The word euthanasia comes from Greek terms. ‘’eu’’ meaning ‘good’, and ‘’thanatos’’ meaning ‘death’. This is my view on what is a ‘good death’. The death should be as humane, as painless, and as trauma free as possible. The animal should experience little, or any if possible, anxiety pre-death. Loss of conciousness should be quick, and as pain free as possible. Usually, a well handled euthanasia is totally pain free.
Here is how the proceedings went with my recent encounter with euthanasia with my cockatiel, Chip.
1) Extensive tests were run to evaluate the seriousness of his condition (it was already clear at this point that his condition was quite serious.)
2) I asked my vet to be totally honest with regarding the outcome of the tests, if Chips condition was to prove incurable, and his life quality was going to be poor and degenerative, to advise me if euthanasia was advisable. I knew deep down that I would probably recognise this situation myself, but allowing for emotion to blind me slightly over my pets welfare, I needed to be sure I would not let my pet down.
3) Agreeing/coming to terms with such a decision should it arise, is not easy. However, it is vital at this point that you put your pets welfare before your own emotional needs.
HERE IS HOW TAKING MY BELOVED PET BIRD ON HIS FINAL JOURNEY WAS HANDLED: None of it was easy, it was extremely difficult and painful emotionally, to the point of being physically painful. BUT deep within my heart, I knew I was doing right by my pet. (this is simply the decision to let a beloved friend go, not the actual act of euthanasia that I speak of above)
1) I prepared his travel cage and made it as comfortable as I could, as I did with any trip to the vet..
2) I kept my own emotions under strict control, and quietly and calmly removed him from his cage and placed him in his travel cage.
3) I was not kept waiting at the vets. They knew the reason I was there, and I was called in to the consulting room within minutes.
4) My vet quickly went over Chips condition, his prognosis, and reassured me that I was doing the right thing. I was asked if I wanted to be present during proceedings, which I did. There was NO pressure whatsoever put on me over this,
5) Chip was first of all given a whiff of general anaesthetic, and he very quickly and painlessly fell asleep, deeply asleep. It was calm, struggle free, and humane. Once he was fully anaesthetised, he was injected directly into his liver, via his stomach. This is the injection that actually causes the death of the animal.
6) All through the procedure, the vet chatted gently and calmly to me, explaining step by step what was happening. This kept me calm, which in turn will have reflected on my pets final emotions before he fell asleep under the anaesthesia.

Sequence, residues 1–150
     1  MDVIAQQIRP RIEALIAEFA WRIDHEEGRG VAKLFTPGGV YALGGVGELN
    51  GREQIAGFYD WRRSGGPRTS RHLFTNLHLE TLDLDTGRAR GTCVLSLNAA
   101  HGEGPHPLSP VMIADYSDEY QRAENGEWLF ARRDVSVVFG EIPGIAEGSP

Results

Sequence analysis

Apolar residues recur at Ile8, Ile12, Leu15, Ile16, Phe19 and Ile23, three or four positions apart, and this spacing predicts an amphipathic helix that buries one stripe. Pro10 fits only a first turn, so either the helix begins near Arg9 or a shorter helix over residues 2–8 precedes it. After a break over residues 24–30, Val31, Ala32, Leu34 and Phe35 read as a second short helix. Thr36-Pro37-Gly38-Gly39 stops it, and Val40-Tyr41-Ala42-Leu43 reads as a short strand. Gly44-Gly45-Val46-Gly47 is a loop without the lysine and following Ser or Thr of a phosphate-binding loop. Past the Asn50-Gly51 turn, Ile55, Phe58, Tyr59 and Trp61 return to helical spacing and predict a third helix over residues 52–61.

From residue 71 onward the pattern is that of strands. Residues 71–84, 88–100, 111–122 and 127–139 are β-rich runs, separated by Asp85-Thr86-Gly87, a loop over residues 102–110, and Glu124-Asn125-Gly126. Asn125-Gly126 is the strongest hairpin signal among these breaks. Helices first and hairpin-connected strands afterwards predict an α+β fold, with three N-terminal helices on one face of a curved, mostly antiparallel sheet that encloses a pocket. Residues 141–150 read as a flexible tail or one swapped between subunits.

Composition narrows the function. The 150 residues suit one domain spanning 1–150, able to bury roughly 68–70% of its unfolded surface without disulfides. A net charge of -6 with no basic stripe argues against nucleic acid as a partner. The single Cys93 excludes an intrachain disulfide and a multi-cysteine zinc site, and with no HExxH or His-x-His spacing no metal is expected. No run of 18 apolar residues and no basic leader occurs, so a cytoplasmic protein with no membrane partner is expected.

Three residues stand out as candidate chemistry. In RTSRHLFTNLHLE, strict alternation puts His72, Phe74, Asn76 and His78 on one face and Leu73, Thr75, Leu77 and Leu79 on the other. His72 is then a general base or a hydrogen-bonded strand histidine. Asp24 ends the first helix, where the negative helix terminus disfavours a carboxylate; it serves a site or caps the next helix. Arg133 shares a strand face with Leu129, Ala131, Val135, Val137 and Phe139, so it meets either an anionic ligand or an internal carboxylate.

7) I was then left in total peace and quiet (although the vet did not leave the room, he simply stayed silent) while I held my bird in my hands close to my heart as the final steps of his beautifully peaceful journey were completed.
8) After about a minute and a half, the vet gently suggested that he was going to check for breathing and heartbeat. Chip was not removed from my hands, and the vet was gentle and calm as he very carefully checked Chip for any signs of life. He acknowledged gently that Chip was now at peace.
9) A little bit of panic started to grow inside of me at this point, I needed to be sure that his euthanasia WAS successful. My vet patiently gave me another minute nursing Chip, and then quietly and calmly checked for signs of life again. He reassured me that Chips journey was, indeed, over. Chips passing was extremely calm, painless, and peaceful.
I am sharing and reliving these moments for those of you who think I could never cope. It will be traumatic and disturbing and horrible. My pet will suffer.
For those of you who may be facing this now, or may at sometime during the future face this difficult decision, I hope my experience has helped, or will help you feel more prepared should the time arise, The personal loss and grief can still be extreme, but I do have to say that the beautiful peacefulness of your pets passing becomes a great comfort.
If your vet does not use anaesthesia as a prelude to euthanasia as a matter of course, you CAN insist upon it. This way, things are much easier on both your pet, and on you, especially with a small animal.
Euthanasia is seen as a dark subject, and from my experience, rarely discussed openly in public forums. It is even quite difficult to find heartfelt personal experiences on the web.
I hope my very recent experience of it has helped remove some of the darkness and horror that often seems to surround this subject. I hope it shows that those final steps in that final journey, can, indeed, have a peaceful beauty about them.
Even as I am writing this, I am grieving the loss of my much loved friend. But, I am NOT grieving how he passed. I will be eternally grateful for that beautiful, painfree, fear free passing.
AKA BBC Member Chirpy